I Feel an Attack of Constitutional Law Coming on…

by Brad DeLong on January 27, 2009

Ken Macleod wrote:

Thank God that Charlie chose [Friday] as his late-Heinlein legacy text for Saturn’s Children…. Its eponymous heroine’s problem is that she’s human, but hardly anyone recognises her humanity – a situation with real-world resonance enough. She needs to find a place where she can be herself and belong. Stross’s heroine, Freya, has a more intractable anguish. She’s in love with humanity, and particularly fixated on the male of the species…. Unfortunately for her, Homo sapiens (along with almost all eukaryotic life) has been extinct for centuries. For a femmebot like Freya – a hard-wired sex machine so much a creature of male fantasy that her bare feet can grow high heels – this is deeply frustrating….

Humanity’s final and perhaps fatal achievment has been to create its own replacement, in the multifarious forms of robots… minds are modelled on the human brain, mangled by Asimov’s Laws of Robotics, and driven by impulses they have inherited without understanding. The result is one of the most physically attractive and ethically revolting societies conceived in SF: a system-spanning, star-striving community most of whose inhabitants are slaves…. I could have done with more detail on the (well-sketched) outline of how the ruling class rules through corporate personhood and property rights, using and abusing what remains of humanity’s laws (as well as Asimov’s). There can’t be many SF books where there are fewer infodumps than the reader wants, and it’s a strong point of this one that it is….

Plot.… I felt an apologetic authorial nudge when the device Freya couriers from Mercury to Mars turns out to be hidden inside a black-painted statuette of a bird of prey…. When the main plot-engine does catch fire, though, we’re definitely along for the ride, and the ending is a slingshot that does the Heinlein (and Asimov) influence proud.

So, Mr Stross … your mission, if you choose to accept it, is to turn your rights-savvy cold eye on a story about a revolt in an anarcho-capitalist penal colony on the Moon…

One important infodump that is missing is that the twist on Asimov’s Laws of Robotics performed by the ruling robot class in Saturn’s Children is an anologue of the twist performed on the post-Civil War Reconstruction Amendments by the judges of late-nineteenth century America.

Originally, you see, corporations were not people, were not legal persons, were not in any sense regarded as in any way analogous to human beings. They were legal fictions. The feudal system rested on reciprocal ties: the lord grants the vassal a fief, and the vassal owes the lord homage, support, and (up to a point) obedience. But what do you do when confronted with an organization–the City of London or the Merchants Adventuring to the Baltic Sea or the Worshipful Company of Goldsmiths–that is not, itself, organized in lord-and-vassal terms? The answer for medieval English law was that you granted it a revocable charter, made it a corporation, and treated it as if it were an individual vassal.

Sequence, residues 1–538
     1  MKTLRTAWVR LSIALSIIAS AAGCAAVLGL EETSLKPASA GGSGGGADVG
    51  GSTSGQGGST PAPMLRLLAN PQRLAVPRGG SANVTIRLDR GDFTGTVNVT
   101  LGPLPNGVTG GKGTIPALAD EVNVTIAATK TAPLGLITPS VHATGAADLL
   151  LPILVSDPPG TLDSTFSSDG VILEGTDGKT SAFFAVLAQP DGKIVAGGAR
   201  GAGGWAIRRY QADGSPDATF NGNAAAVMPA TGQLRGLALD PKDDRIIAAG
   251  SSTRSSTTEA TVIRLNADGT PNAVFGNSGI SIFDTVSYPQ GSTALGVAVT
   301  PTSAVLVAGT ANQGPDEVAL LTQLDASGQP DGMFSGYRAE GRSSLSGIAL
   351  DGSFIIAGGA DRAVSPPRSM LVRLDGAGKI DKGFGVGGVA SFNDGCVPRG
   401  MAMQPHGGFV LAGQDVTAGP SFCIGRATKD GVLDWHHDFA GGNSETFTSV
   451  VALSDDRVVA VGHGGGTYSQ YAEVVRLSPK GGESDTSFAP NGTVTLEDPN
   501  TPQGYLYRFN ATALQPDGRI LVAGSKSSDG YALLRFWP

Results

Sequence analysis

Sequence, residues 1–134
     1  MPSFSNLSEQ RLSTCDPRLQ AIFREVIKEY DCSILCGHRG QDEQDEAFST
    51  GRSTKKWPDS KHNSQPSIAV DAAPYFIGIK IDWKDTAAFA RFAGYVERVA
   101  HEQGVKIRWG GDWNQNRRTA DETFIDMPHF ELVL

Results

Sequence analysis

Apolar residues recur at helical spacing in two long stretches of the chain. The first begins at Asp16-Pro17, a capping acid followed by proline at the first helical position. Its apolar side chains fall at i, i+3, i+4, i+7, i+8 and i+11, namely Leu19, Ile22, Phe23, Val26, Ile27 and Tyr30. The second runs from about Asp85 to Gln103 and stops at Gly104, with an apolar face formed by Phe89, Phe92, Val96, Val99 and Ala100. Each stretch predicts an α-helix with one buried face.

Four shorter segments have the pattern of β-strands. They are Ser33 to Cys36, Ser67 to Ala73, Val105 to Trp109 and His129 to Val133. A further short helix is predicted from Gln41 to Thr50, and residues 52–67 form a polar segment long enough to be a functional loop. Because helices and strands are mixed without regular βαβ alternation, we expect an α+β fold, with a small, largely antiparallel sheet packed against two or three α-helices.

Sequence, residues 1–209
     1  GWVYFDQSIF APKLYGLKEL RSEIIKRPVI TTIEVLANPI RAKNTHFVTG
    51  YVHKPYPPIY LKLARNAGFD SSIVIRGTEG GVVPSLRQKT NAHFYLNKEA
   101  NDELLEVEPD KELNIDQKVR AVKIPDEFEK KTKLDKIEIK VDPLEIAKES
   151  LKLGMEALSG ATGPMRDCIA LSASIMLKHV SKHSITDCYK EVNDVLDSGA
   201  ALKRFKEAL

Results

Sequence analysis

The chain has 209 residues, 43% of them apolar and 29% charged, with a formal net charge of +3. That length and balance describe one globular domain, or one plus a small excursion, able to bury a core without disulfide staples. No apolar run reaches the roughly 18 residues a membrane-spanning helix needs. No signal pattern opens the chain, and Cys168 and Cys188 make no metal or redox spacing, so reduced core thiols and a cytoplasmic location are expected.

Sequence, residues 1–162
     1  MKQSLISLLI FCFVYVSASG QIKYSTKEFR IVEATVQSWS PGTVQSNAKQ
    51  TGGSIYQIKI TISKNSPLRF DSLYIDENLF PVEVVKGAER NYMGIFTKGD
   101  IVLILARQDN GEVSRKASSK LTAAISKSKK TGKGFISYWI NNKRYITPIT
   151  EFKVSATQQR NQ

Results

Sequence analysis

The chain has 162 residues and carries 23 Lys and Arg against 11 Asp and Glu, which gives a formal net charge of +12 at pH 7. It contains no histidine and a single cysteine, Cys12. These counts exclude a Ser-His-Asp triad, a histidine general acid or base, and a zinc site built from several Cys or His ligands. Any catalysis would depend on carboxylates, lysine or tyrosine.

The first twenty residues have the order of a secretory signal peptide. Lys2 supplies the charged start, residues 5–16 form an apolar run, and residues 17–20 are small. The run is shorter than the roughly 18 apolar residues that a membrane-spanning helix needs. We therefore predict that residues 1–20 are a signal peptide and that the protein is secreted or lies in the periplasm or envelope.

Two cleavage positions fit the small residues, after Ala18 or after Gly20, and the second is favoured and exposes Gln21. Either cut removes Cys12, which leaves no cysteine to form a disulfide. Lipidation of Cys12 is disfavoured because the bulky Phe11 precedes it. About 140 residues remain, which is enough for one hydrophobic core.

Comes the end of the American Civil War, the Republicans pass the Fourteenth Amendment:

<pSection 1. All persons born or naturalized in the United States, and subject to the jurisdiction thereof, are citizens of the United States and of the State wherein they reside. No State shall make or enforce any law which shall abridge the privileges or immunities of citizens of the United States; nor shall any State deprive any person of life, liberty, or property, without due process of law; nor deny to any person within its jurisdiction the equal protection of the laws…

to protect the ex-slaves from their ex-masters. And the courts than say that corporations are “persons”–entitled to due process of law before their economic interests can be harmed by state action, and entitled to the equal protection of the laws. Corporate protection from government actions then depends on how these Fourteenth Amendment rights contend with the Congress’s power to regulate interstate commerce.

A similar twist is performed on Asimov’s Second Law of Robotics in Stross’s Saturn universe. Robots need not obey the orders of other robots, but it appears that robots must obey the orders of “persons”–which means corporations owned by other robots. And from this springs a robot society that is the veritable antithesis of a free society of associated producers–and a very uncomfortable place for a femmebot, even (especially) one with a lot of sisters.

Analogies with the structure and functioning of the modern American legal and economic order are left as an exercise for the reader…

{ 1 comment }


Kieran Healy 01.27.09 at 7:48 pm

From Cossacks to Strossacks.

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